The Jazz Singer 1980 ***

The-Jazz-Singer-1980-film-images-647f42f0-a04e-4e4b-9126-eceb608df93Richard Fleischer’s 1980 vehicle for Neil Diamond is something of a strange proposition; after all, what’s Neil Diamond got to do with jazz? The AOR Singer presumably wasn’t a title that appealed, but Diamond’s music has endured, and he certainly brought his A-game to providing an ace set of songs for the soundtrack. America, Hello Again and Love On The Rocks are belters in any era, and it’s no surprise the soundtrack made more money than the film. On reflection, could there been conceptual errors behind a film that starts in rather offensive fashion with Neil Diamond in black-face? Probably; the point of this cultural -identity crisis is that only by blacking–up can Jess (Diamond) escape the Jewish traditions his father (Laurence Olivier) wants him to take on board, and the more popular his music is, the more his father disapproves.  ‘Ay hef no son!’ is Cantor Rabonovich’s much-quoted dismissal of Jess’s career choice, but things end happily enough with Olivier jigging away in a stadium gig to the synth-blast opening of America. The Jazz Singer is an amusing film, a vanity project from a star who has got little to be modest about; Diamond has maintained a sky-high level of stardom by touring and reinvention, and The Jazz Singer is exactly the kind of excessive project a real star creates. Bonus points for Paul Nicholas’s wonderfully awful cameo as a British rock star whose speed-metal cover of Love on the Rocks irks Diamond.


10 Rillington Place 1971 ***


Serial killer films are not a new invention; the story of John Christie is one of Britain’s most notorious examples. Adapting Ludovic Kennedy’s book on the subject, Hollywood veteran Richard Fleischer adapts a deliberately drab, procedural style that finds an ideal centre in Richard Attenborough’s performance as Christie. Killing again and again for sexual kicks, it’s a turn highly untypical of Attenborough’s usual work, but he rises to the challenge, making Christie a fascinating but repellent character. John Hurt and Judy Geeson do good work as the husband and wife who unwittingly stay at Christie’s property, and a hanging scene, supervised by real-life executioner Albert Pierrepoint, adds to the gloomy sense of authenticity.

Fantastic Voyage 1966 ***


Richard Fleischer’s sci-fi adventure is a novel twist on the usual outer-space shenanigans; when defecting diplomat Jan Benes (Jean De Val) is picked of by a bullet in a Kennedy-style motorcade, scientists decide to miniaturise a team of submariners who enter Benes body and attempt to fix a blot clot on the inside. As if the stakes aren’t high enough for Stephen Boyd and his men, one of the team is a woman (Raquel Welsh); the notion of sharing professional space with a woman seems to cause everyone as much consternation as being miniaturised. Once inside Benes’ body, Fleischer uses his old-school Hollywood know-how to create some strikingly colourful imagery around this playful conceit, allows Donald Pleasance to indulge his special gift for having a good freak-out under pressure. The setting of films inside the body is a very minor sub-genre (Inner Space, Osmosis Jones), and Fantastic Voyage is the granddaddy of them all, with a remake inevitable but unlikely to retain the kitsch appeal.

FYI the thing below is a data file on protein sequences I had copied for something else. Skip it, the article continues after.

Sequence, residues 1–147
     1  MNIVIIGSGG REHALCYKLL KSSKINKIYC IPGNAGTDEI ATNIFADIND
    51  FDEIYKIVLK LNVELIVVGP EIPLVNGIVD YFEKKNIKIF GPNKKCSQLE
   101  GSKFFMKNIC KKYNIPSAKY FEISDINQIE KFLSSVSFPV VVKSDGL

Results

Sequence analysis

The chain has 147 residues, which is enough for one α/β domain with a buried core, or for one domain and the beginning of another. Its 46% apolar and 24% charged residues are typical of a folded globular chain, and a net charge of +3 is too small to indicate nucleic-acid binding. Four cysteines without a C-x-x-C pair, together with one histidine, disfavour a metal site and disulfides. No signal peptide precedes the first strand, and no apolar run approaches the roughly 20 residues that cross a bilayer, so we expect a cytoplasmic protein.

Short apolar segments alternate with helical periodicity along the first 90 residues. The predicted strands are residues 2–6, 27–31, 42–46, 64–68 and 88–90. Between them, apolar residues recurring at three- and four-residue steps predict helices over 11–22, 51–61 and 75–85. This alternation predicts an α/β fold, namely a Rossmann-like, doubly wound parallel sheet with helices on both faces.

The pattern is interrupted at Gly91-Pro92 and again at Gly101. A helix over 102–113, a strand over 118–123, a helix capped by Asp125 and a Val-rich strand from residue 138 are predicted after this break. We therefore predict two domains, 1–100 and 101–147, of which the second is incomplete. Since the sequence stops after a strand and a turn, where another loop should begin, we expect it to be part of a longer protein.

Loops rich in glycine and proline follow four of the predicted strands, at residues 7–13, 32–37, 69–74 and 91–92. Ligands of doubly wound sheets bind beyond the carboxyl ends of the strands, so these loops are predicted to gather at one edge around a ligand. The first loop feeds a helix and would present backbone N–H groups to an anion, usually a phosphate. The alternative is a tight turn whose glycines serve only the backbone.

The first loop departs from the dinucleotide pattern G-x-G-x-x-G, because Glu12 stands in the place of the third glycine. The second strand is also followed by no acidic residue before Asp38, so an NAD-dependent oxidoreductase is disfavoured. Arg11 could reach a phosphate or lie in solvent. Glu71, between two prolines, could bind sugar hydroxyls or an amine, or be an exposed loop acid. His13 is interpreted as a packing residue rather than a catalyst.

Che! 1969 ***


One for the so-bad-its-good file, Richard Fleisher’s 1969 drama about Che Guevara (Omar Sharif) and his tortuous friendship with Fiedel Castro (Jack Palance, yes, really, Jack Palance) thoroughly deserves its reputation of a terrible film, but it does have considerable entertainment value. The presumable intent was to glorify Che and ridicule Castro, but the results are far too silly to have any political power. Sharif glowers like a fashion model and struggles to deal with long speeches about the nature of socialism, while Palance gives an astonishing performance as Castro. The Cuban leader famously survives several assassination attempts, of which Palance’s characterisation could be considered to be one. With huge spectacles, rolling eyes and a half-chewed cigar in his mouth, Palance gives one of the most memorable performances of his career, wildly out of his depth but lashing out at all around him. As a film, Che! is a bust, but as a demonstration of how political propaganda can backfire, it’s an interesting film politically in terms of its failure.

Amityville 3D 1983 ***


When a horror franchise ‘jumps the shark’, it’s usually because they’ve moved away from whatever made the original formula work; After two reasonably sober entries, claiming to be based on real life experiences, veteran director Richard Fleischer took the franchise into hokey new territory with Amityville 3D. No longer confined to flies and bumps in the night, Amityville 3D goes for bug-eyed monsters and literally blows the house to pieces as a gateway to hell opens up beneath the house. Tony Roberts, from Stardust Memories, plays the non-believer who is quickly convinced of the house’s powers, with a youthful Meg Ryan amongst those caught in the trap. The 3D is used for amusingly cheap effects, as Frisbees, construction poles and more are thrust towards the camera, making for a enjoyably daffy romp.

Conan The Destroyer 1984 ***


A game-changer in the ‘so bad it’s good’ category, Richard Fleicher’s 1984 sequel to Conan the Barbarian has more laughs than most comedies, as Arnold Schwarzenegger dons the thong and headband to reprise his role to comic effect. Conan is joined by an improbably merry band, including Olivia D’Abo, Grace Jones, Mako and US football star Wilt Chamberlain for a journey to set free a princess, but actually involves a lot of glass paintings, studio-sets, rubber monsters and dialogue that has to be heard to be believed.  Dumbed down from a not-particularly smart original, Conan The Destroyer’s kiddie friendly adventure effectively ended the franchise until 2012’s equally inane Conan reboot.